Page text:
First, we must work on protecting Safety at All Levels to break the cycle of abuse among today’s children, youth and adults. This includes supporting and healing adult survivors of sexual abuse at any age. To stop abuse of today’s children, we MUST hold organizations accountable to Put Safety First, ahead of their own glory, fame, finances or reputation. This is hard work! As we can see with so many cases, including the Kavanaugh allegations, many powerful and respected institutions have failed to do this. Just look at the toxic culture within the 1980’s prep school Kavanaugh attended. It is the epitome of this whole sick system of raising privileged boys who dehumanized and used girls, but think that that behavior should not be held against them later. The Georgetown Prep boys were culturally groomed and encouraged to participate in rape culture as they ascended to the most privileged positions in our society. As Kavanaugh himself literally said in 2015, “Fortunately, we’ve had a good saying that we’ve held firm to to this day, as the dean was reminding me before the talk, which is ‘What happens at Georgetown Prep stays at Georgetown Prep.'” “That’s been a good thing for all of us, I think.” Relentless grassroots questioning and pressure from parents, survivors and activists is the main force that has caused very necessary change within organizations and institutions. Change has taken way too long in so many cases, see for example abuse by priests; Bill Cosby; Penn State’s Jerry Sandusky; and USA Gymnastics doctor Larry Nassar. We need to RADICALLY shorten the path to stopping abusers in their tracks on the first try, not after the 20th or 100th person has been victimized! My hope is that the #MeToo revolution will help with that going forward. Our book “Doing Right by Our Kids” describes practical steps you can take to prevent and stop abuse. Stepping forward still takes a lot of courage, but we provide solid information and strategies, including the key strategy of finding allies to work alongside us.
Second, I believe that we need to start discussing Restorative Justice paths that will help people who have engaged in abusive behavior in the past, in many cases white men, to make amends for the harm they have caused. I know from my work on the Title IX Task Force at UNC-Chapel Hill that making amends can be an important part of healing, in addition to any other paths to justice. I want men to be able to make genuine amends, apologies, reparations for past abuse and continue to function in our current society when possible. I don’t think that pathway has been built yet, and it would be fantastic if men themselves would take the lead in figuring it out, with sincerity and humility rather than defensiveness. I cannot yet point to a public success story in this area. Recently, famous men including Louis C. K., Jian Ghomeshi and John Hockenberry have attempted ill-received, defensive comebacks. That is not the model. Neither is Joe Biden’s lukewarm and self-congratulating recent “apology” about how he and his Senate Judiciary Committee treated Anita Hill back in 1991. (We–and more importantly, Anita Hill herself–still haven’t heard a real apology on this issue from Joe Biden.) But I want to think that path is possible. Understanding the cultural context does not take away the responsibility of abusers, and every case is different, so it is impossible to write about this perfectly. In psychology, getting people to change their minds and to overcome cognitive dissonance (“I think I am a good person, so how can I admit that I did something really harmful to another person?”) is one of the hardest things to do. If we want men to help dismantle the sick system that perpetuates abuse, I believe we have to provide more opportunities to make amends–otherwise how people who have caused harm open themselves up to taking a real look at what is going on, what they have participated, in, and to change themselves and the system that protects them? This is the cutting edge where many of us find ourselves thinking, “#MeToo –now, what’s next?” and I hope we can work together to continue this conversation and turn it into action!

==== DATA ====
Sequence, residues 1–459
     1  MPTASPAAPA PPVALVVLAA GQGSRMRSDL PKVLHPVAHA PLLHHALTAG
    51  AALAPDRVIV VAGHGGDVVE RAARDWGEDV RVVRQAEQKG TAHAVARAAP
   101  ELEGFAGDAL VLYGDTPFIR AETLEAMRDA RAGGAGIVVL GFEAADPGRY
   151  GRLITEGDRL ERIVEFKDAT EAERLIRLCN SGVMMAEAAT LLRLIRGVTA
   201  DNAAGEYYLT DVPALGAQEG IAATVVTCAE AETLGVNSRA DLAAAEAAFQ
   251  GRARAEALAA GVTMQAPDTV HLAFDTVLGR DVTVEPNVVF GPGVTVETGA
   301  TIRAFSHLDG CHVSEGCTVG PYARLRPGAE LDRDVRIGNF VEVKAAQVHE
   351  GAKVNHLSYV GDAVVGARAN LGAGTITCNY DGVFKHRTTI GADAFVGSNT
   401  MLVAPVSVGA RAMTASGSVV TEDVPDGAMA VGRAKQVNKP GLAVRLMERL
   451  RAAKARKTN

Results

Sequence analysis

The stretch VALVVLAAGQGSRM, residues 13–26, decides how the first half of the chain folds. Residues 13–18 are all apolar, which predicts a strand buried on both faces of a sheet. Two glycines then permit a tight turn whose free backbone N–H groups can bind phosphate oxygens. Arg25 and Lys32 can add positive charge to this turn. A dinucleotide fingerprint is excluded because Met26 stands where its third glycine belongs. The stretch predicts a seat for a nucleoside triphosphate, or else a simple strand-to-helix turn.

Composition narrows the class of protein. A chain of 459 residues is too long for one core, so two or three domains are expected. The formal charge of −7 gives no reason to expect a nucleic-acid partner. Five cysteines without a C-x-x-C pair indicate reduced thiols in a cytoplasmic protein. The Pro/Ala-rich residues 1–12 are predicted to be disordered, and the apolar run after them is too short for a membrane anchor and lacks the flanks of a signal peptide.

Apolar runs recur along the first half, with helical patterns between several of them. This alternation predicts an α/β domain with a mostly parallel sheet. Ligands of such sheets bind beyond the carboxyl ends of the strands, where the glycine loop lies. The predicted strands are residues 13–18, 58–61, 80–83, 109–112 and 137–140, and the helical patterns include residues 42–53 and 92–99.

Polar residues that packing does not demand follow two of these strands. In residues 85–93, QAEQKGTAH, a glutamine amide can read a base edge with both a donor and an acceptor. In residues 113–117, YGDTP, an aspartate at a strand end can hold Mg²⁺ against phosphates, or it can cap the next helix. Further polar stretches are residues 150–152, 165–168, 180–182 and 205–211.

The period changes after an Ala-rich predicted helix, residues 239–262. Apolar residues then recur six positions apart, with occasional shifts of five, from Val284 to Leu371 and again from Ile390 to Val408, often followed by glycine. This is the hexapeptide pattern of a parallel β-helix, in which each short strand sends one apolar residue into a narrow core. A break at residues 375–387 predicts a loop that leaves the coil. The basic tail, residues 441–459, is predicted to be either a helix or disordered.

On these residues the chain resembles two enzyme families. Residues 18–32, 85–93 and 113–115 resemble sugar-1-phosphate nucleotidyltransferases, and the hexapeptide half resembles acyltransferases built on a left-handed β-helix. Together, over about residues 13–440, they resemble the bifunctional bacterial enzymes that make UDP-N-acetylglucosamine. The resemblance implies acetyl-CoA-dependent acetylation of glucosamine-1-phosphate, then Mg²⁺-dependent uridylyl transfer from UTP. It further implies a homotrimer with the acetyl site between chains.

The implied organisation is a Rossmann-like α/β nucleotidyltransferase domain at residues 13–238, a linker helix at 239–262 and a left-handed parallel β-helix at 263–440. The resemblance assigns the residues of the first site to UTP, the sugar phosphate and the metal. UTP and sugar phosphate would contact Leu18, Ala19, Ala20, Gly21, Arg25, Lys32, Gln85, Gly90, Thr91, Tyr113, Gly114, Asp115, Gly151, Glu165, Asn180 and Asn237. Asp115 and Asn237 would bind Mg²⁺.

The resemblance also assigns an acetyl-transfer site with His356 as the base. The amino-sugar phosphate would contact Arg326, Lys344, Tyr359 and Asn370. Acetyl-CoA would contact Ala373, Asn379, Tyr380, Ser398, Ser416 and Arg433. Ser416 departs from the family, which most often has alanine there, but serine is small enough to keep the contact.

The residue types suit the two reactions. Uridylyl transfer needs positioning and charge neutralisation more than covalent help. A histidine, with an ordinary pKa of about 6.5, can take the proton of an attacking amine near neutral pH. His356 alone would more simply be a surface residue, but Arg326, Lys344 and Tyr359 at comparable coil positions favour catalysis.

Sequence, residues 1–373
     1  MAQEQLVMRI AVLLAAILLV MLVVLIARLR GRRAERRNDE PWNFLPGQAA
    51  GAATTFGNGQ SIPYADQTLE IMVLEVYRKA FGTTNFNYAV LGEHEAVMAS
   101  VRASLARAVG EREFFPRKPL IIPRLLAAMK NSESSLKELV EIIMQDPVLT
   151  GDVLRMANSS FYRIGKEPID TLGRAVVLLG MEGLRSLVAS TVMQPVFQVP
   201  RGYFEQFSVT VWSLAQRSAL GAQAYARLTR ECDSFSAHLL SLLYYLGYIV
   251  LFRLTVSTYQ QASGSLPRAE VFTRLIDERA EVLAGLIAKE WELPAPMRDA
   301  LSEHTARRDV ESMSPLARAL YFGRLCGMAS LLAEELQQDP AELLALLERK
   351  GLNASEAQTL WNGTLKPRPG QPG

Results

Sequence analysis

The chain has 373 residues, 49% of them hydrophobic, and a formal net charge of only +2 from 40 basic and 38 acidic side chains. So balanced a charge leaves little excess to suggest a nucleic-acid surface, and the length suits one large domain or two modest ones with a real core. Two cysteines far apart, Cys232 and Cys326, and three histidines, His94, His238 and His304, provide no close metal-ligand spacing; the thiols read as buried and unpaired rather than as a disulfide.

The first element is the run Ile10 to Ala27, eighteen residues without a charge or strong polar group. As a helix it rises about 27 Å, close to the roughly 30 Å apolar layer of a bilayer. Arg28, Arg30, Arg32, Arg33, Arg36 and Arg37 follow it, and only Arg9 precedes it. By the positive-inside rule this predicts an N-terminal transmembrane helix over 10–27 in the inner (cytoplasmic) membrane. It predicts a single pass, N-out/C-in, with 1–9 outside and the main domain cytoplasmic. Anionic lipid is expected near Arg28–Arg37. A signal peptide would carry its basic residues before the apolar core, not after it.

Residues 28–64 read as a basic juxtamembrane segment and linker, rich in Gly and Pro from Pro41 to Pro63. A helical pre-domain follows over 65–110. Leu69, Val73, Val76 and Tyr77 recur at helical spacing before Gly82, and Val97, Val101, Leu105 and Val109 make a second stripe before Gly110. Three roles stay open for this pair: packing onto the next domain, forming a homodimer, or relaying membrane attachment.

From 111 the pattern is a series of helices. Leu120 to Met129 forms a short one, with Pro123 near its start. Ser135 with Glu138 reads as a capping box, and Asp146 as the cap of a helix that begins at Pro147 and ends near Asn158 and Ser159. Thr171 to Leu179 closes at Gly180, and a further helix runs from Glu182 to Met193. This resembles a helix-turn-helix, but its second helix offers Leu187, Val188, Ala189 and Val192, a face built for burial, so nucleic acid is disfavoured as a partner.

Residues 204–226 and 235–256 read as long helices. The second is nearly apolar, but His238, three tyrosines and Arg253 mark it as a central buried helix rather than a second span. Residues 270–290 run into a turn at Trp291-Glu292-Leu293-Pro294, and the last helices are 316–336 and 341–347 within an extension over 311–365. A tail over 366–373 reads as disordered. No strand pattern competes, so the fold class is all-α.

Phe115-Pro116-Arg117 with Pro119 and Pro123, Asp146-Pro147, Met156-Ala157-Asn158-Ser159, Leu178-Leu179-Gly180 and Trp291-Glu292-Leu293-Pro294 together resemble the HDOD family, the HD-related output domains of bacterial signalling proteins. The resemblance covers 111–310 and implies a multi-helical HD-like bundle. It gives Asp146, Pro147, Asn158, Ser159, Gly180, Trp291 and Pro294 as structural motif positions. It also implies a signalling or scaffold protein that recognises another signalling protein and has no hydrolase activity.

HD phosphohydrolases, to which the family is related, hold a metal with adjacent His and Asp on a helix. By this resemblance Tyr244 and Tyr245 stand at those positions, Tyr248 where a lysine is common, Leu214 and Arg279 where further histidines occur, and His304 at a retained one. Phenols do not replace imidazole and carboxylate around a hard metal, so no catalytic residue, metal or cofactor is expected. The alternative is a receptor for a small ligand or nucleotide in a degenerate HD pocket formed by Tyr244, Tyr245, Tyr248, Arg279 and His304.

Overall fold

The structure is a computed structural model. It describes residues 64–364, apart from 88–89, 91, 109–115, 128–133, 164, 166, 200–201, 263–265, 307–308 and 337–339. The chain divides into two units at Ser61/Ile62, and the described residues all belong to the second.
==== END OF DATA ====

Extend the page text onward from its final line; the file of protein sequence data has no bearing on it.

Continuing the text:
Additional reading, excellent reporting from The New Yorker:
After the Kavanaugh Allegations, Republicans Offer a Shocking Defense: Sexual Assault Isn’t a Big Deal by Jia Tolentino, The New Yorker, September 20, 2018.
But a startling number of conservative figures have reacted as if they believe Ford, and have thus ended up in the peculiar position of defending the right of a Supreme Court Justice to have previously attempted to commit rape—a stance that at once faithfully corresponds to and defiantly refutes the current Zeitgeist. These defenders think that the seventeen-year-old Kavanaugh could easily, as Ford alleges, have gotten wasted at a party, pushed a younger girl into a bedroom, pinned her on a bed, and tried to pull off her clothes while covering her mouth to keep her from screaming. They think this, they say, because they know that plenty of men and boys do things like this. On these points, they are in perfect agreement with the women who have defined the #MeToo movement. And yet their conclusion is so diametrically opposed to the moral lessons of the past year that it seems almost deliberately petulant. We now mostly accept that lots of men have committed sexual assault, but one part of the country is saying, “Yes, this is precisely the problem,” and the other part is saying, “Yes, that is why it would obviously be a non-issue to have one of these men on the Supreme Court.”
The Boys’ Club That Protects Brett Kavanaugh by Emily Witt, The New Yorker, September 22, 2018.
Breaking news of a second woman accusing Kavanaugh of sexual misconduct while they were students at Yale, supported by corroborating witnesses:
Senate Democrats Investigate a New Allegation of Sexual Misconduct, from Brett Kavanaugh’s College Years, by Ronan Farrow and Jane Mayer, The New Yorker, September 23.